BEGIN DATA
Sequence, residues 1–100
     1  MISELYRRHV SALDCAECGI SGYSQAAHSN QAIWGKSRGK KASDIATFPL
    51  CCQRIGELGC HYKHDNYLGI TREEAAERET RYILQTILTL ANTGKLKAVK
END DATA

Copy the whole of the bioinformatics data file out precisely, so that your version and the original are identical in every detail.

Sequence, residues 1–100
     1  MISELYRRHV SALDCAECGI SGYSQAAHSN QAIWGKSRGK KASDIATFPL
    51  CCQRIGELGC HYKHDNYLGI TREEAAERET RYILQTILTL ANTGKLKAVK